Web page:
Central Europe, Europe, Hungary

Hungary (1946) – The Days of Hyperinflation

 

100,000,000,000,000,000,000 = 1 hundred quintillion.

Hungary (1946), Szazmillio B.-Pengo, FRONT, the highest denominated currency ever circulated.

This is a Szazmillio B.-Pengo banknote. “Szazmillio” is Hungarian for one hundred million, so, this is a hundred million B.-Pengos.  “B.-Pengo” means a billion pengo. But Hungary used the “long scale” as did much of eastern Europe at that time. Thus “billion” means a million million, or a trillion. (“Short scale” billion means a thousand million. See here and see below). Thus our banknote is the equivalent of 100 million million million pengos, or one hundred million trillion pengos, or one hundred quintillion pengos.

How much is one hundred quintillion? If in individual pengo banknote was 2″ wide x 4″ long, 100 quintillion banknotes would completely cover our planet, 2000 layers deep!

If those individual banknotes were laid end to end, 100 quintillion banknotes would reach to our nearest star Alpha Centari and back again to Earth, 90 times!

Here is someone’s illustration of what just one quintillion pennies would look like……… 1 quintillion pennies. Envision that multiplied by one hundred!

But a pengo was worth far less than a penny in those days.

Hungary (1946), Szazmillio B.-Pengo, BACK, the highest denominated currency ever circulated. This is the Hungarian Parliament Building on the Danube River.

What did hyperinflation feel like? The worst year was from August 1945 through July 1946 during which prices increased an average of 19% per day. On the worst days, prices would triple from one day to the next. A loaf of bread that cost a dollar yesterday costs 3 dollars today and nine dollars tomorrow and 27 dollars the day after tomorrow.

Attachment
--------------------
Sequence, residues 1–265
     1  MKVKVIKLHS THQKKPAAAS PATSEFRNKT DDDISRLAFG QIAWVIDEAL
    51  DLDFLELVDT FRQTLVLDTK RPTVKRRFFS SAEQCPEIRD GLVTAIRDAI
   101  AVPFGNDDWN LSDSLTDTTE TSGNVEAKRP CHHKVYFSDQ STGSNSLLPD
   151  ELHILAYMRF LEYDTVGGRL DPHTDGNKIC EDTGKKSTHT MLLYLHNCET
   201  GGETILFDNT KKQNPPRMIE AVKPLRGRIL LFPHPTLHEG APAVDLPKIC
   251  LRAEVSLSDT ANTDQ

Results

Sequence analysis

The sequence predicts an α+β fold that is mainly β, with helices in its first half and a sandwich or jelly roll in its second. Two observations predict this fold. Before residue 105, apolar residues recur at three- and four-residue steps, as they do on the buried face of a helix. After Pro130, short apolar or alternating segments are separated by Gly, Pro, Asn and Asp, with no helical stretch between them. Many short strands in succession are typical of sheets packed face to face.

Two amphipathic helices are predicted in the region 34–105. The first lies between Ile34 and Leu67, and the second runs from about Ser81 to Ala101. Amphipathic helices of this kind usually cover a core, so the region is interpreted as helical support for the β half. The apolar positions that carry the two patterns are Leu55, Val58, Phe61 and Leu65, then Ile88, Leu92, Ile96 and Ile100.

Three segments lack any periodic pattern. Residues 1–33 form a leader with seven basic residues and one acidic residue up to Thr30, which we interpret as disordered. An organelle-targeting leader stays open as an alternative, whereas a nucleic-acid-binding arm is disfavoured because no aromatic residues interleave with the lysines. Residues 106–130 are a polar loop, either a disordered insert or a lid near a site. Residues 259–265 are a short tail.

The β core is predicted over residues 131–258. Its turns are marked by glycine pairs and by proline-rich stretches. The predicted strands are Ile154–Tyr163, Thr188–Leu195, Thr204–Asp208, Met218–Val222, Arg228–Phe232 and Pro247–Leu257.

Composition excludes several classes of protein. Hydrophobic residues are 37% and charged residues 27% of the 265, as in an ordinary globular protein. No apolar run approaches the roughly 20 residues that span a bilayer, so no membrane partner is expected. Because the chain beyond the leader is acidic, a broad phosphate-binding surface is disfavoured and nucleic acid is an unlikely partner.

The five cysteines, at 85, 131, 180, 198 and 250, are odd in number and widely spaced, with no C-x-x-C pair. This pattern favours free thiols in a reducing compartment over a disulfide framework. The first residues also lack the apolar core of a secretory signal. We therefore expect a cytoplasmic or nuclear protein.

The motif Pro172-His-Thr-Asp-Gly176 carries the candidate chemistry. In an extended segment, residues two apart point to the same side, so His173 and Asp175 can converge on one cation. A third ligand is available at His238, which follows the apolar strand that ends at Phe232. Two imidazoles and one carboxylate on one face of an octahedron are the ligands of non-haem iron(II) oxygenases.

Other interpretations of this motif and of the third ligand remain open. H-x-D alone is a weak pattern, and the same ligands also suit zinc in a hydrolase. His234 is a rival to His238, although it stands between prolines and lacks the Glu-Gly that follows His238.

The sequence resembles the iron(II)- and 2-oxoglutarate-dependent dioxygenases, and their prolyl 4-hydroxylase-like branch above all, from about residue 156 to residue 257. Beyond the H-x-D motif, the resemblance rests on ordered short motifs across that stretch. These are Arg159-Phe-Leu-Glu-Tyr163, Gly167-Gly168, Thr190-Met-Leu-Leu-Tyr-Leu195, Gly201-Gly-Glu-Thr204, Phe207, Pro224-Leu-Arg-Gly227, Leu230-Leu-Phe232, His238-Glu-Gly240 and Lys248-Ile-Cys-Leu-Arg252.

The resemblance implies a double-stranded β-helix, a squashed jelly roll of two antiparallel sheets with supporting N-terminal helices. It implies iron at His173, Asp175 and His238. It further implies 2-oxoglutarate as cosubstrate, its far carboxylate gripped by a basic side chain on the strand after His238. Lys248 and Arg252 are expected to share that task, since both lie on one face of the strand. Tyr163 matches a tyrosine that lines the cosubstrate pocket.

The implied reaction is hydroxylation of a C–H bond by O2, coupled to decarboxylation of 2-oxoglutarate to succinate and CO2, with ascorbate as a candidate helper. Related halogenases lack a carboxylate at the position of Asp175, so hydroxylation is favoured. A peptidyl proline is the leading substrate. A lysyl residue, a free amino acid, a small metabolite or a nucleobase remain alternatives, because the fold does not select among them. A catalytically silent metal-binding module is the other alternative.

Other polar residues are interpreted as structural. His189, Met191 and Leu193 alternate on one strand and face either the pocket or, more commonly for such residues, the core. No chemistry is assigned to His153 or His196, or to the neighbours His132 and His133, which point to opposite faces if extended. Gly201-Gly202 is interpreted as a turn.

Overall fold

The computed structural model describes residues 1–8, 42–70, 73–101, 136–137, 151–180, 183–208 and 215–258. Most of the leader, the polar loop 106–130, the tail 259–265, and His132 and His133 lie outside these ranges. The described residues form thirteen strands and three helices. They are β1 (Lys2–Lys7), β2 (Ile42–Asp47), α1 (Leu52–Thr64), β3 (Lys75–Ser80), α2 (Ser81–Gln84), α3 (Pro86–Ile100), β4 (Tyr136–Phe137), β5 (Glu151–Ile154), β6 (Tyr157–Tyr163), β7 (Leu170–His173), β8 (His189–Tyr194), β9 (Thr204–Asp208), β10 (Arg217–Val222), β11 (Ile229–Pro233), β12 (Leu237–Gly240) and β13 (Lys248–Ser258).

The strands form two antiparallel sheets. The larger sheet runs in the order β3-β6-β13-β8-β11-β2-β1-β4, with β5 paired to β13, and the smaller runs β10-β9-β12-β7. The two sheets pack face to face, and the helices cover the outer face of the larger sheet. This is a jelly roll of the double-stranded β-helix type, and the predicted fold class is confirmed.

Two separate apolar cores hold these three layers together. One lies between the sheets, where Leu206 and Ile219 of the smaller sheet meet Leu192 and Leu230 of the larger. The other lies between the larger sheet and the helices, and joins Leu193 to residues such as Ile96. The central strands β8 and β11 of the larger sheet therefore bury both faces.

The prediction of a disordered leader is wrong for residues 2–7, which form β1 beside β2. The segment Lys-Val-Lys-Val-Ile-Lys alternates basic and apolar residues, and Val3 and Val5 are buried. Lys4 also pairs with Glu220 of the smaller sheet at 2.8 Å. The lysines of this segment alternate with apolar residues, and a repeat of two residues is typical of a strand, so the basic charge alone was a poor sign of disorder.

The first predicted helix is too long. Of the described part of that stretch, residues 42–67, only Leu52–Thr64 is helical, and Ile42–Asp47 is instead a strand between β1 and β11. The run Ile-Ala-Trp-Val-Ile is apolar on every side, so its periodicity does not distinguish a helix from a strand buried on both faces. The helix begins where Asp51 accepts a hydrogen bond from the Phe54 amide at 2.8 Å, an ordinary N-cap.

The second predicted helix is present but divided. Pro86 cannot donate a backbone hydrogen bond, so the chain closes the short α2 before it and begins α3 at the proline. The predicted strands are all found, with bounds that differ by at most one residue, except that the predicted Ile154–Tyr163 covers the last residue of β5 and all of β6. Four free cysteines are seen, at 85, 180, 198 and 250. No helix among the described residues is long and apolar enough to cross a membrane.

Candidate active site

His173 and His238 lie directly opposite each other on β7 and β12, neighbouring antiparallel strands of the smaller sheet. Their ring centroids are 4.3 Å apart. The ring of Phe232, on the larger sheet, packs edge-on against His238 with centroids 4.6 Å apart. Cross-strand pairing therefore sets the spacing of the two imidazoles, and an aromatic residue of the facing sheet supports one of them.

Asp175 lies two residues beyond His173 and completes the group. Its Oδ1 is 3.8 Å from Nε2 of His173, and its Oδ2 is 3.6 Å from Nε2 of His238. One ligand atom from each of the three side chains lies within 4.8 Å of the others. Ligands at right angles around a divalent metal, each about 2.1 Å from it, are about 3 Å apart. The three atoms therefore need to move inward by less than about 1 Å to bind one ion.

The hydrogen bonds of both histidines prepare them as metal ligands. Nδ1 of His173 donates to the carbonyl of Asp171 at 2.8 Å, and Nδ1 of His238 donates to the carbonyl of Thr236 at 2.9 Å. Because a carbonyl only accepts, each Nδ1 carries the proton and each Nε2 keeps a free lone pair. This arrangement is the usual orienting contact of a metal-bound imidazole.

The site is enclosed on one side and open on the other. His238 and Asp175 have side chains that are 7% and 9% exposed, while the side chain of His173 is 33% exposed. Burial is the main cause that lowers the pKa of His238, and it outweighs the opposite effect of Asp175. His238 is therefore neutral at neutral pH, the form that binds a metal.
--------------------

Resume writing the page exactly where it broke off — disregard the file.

Says the Technical People: “Hyperinflations are caused by extremely rapid growth in the supply of “paper” money. They occur when the monetary and fiscal authorities of a nation regularly issue large quantities of money to pay for a large stream of government expenditures. In effect, inflation is a form of taxation in which the government gains at the expense of those who hold money while its value is declining. Hyperinflations are very large taxation schemes.” http://www.econlib.org/library/Enc/Hyperinflation.html

How fast did they grow the money supply during that fateful year? How fast did they print more paper money? From what I’ve read, the money supply in July 1945 was 25 billion pengo, and then in January 1946 1,646 trillion pengo, and then in May 1946 65 quadrillion pengo and then in July 1946 47 septillion pengo. They were printing money like it was going out of style. They were printing money so fast that halfway through they stopped collecting taxes (now That had to be Fast!), because the tax value of collections one day late had lost so much value.

It stopped in August 1946 when a new currency was introduced, the florint, at the rate of 1 florint equal to one octillion pengos. And of course, they unplugged the printing presses too.

1,000,000,000,000,000,000,000,000,000 = 1 octillion

Whew!

From Wikipedia…..

“The long and short scales are two of several large-number naming systems for integer powers of ten that use the same words with different meanings. The long scale is based on powers of one million, whereas the short scale is based on powers of one thousand.

Short scale

Every new term greater than million is one thousand times larger than the previous term. Thus, billion means a thousand millions (109), trillion means a thousand billions (1012), and so on. Thus, an n-illion equals 103n + 3.

Long scale

Every new term greater than million is one million times larger than the previous term. Thus, billion means a million millions (1012), trillion means a million billions (1018), and so on. Thus, an n-illion equals 106n. ”

…..from Wikipedia.

 

 

As always, if you have something to add to this story, or a recommended landmark for visiting, I welcome your comments!

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